Ever since Saturday, I've been thinking about those compliments, and my grandma, a lot more than usual. I just can't get her, the memories, and the joy of baking out of my mind.

Thursday, December 8, 2011

Happy Birthday! (And also, bedtime wars part 23.3423)

Today is my beloved husband's birthday! I have been making fun of him a little bit for a few weeks, about how he's getting old. Granted, he isnot old. He's one year older than I am, and I'm not old, so... yeah. But, I like to poke fun, all in a good nature, anyway. He takes it like a pro. It's also his twin brother, Jesse's birthday (which I know, sounds obvious, but sometimes...)! Happy birthday, dearests!

Sad story. Jake had to work all day today. In fact, tonight is his overnight route, so he doesn't even come home! Okay, that's only sad for me, because he'll get a peaceful night's sleep tonight, while
there's a 50/50 chance of that at home. More on that soon.

My husband is awesome. This is evident by all these wonderful pictures (courtesy my friend Rena after a wonderful Skype session a month or two ago).

Oh wait, that seems like an odd way to prove his awesomeness. Well, let's see. He works SUPER hard, and long hours, in the crappy weather, and all that, to provide for Spencer and
I. While I complain about him being gone, I know he is doing it to support us. He makes me laugh. He makes Spencer laugh. He gets up with
Spencer at night! He is a fantastic musician. He's a wonderful friend.

And stuff.

Seeing as how I knew I'd only see him for about 23 minutes on his actual birthday, I decided we would celebrate it yesterday instead.

I started off by leaving the house with the baby in the morning. Okay, that wasn't for his sake, but
rather, Spencer and I went to visit the Hedgehogs (that's the name of the room I used to work in before I had Spencer). When we came back, I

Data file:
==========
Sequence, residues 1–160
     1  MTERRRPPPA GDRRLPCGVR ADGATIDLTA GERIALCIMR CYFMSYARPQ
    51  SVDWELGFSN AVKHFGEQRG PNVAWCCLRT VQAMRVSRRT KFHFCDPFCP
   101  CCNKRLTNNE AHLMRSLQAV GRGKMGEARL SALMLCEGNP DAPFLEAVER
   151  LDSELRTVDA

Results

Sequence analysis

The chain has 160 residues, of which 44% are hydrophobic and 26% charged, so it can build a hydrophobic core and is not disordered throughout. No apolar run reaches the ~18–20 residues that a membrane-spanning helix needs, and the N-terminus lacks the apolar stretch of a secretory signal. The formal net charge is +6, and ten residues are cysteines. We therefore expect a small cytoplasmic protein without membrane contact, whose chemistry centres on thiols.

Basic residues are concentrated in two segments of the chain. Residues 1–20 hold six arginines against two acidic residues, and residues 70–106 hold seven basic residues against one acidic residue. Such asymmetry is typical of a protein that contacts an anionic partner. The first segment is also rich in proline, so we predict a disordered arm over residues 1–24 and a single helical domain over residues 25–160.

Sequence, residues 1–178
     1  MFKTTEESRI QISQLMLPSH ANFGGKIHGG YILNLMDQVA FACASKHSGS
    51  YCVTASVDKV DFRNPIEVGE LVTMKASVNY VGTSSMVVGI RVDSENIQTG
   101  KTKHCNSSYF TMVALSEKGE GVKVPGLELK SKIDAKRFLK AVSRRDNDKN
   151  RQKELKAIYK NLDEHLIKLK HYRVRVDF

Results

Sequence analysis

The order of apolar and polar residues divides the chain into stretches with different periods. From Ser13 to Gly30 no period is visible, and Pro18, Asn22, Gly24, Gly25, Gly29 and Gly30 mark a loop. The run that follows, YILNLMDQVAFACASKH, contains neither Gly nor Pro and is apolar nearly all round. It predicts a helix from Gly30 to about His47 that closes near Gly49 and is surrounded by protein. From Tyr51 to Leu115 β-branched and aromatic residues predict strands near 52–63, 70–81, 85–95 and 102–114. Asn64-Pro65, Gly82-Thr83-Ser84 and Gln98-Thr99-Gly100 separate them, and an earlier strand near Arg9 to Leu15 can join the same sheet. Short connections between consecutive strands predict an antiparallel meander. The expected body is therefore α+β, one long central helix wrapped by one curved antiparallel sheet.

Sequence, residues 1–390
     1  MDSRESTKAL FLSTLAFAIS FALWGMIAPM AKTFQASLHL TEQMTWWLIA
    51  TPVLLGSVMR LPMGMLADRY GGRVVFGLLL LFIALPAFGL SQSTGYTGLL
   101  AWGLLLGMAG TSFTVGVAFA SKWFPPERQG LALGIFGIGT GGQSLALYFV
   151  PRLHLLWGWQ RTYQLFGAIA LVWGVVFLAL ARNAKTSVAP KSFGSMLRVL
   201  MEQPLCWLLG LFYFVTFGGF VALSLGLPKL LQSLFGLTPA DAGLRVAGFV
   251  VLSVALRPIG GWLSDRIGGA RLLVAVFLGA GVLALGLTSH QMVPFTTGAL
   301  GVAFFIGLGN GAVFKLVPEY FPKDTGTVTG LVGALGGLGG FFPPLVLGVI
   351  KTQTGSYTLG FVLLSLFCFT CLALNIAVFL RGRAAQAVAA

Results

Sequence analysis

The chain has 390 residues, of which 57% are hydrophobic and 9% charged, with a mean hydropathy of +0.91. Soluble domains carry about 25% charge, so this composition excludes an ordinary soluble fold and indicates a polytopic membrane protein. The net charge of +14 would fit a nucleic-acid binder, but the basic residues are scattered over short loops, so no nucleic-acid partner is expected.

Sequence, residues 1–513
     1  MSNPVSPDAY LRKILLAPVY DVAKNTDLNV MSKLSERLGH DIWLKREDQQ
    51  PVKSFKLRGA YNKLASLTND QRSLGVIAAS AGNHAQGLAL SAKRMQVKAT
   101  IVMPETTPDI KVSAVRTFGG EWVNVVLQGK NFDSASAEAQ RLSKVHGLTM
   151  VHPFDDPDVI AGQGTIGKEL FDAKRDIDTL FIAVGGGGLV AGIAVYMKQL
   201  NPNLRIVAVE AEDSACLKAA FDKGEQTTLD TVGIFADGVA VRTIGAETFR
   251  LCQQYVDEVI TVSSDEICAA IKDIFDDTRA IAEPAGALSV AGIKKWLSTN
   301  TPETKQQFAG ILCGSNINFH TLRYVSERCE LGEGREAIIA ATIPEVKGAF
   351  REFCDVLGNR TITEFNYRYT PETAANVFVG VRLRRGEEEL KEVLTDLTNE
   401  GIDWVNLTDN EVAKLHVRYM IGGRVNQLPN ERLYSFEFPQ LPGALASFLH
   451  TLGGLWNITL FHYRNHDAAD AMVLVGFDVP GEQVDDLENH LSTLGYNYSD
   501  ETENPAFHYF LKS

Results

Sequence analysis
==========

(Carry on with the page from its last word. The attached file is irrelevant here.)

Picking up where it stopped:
brought Jake his favorite Starbucks beverage. That'd be a venti Cinnamon Dolce Latte with extra caramel drizzle on top. It smells, and tastes, like a gooey cinnamon roll, if you're wondering.

Then I made an awesome batch of soup, an original creation (recipe found here, because now I have a food blog), that he downright loved.

Tarah came and took Spencer for six hours, and
Jake and I went to the movies. We saw Breaking Dawn. Yup, we did. And we were the only ones in the theater, so I got to play "Mystery Science
Theater" and Jake let me make any snarky comments I want. And he laughed REALLY loud, because he could. Woot.

Then, I took him for a fancy-pants surprise supper. Well, he knew we were going to eat, but he didn't know where. I'm a really bad liar, so he didn't even guess, because he didn't want to ruin my surprise (for once, haha). I took him to Carnaval Brazillian Grill, which was AMAZING. Robert and Jillian joined us. We spent a good two hours there, enjoying the feast, laughing our buttoxes a size smaller, and having good conversation. Yes, it was fantastic.

After, we went and got our little man, and Jake read him a story or four, before giving him a bath and putting him to bed. Then, we watched a little tv (or TV on DVD) and went to bed.

Oh, and for the record. I wore MAKE-UP yesterday. Full out make-up, even. With foundation and everything. That's special, I tell you. I generally skip all make-up, except maybe mascara (which I accidentally told Jake I would be wearing "Marsala" instead of "mascara" thanks to my phone's auto-correct), because I feel like if I wear full-out make-up, I look almost like a drag queen. Okay, maybe not, but I feel like it looks odd on me. Though, yesterday, I think I actually looked kind of nice.

I asked Jake today, and he said he enjoyed his birthday celebration very much.


But... NOT succesfully... do I... put our son to sleep. Ever. Anymore. It seems.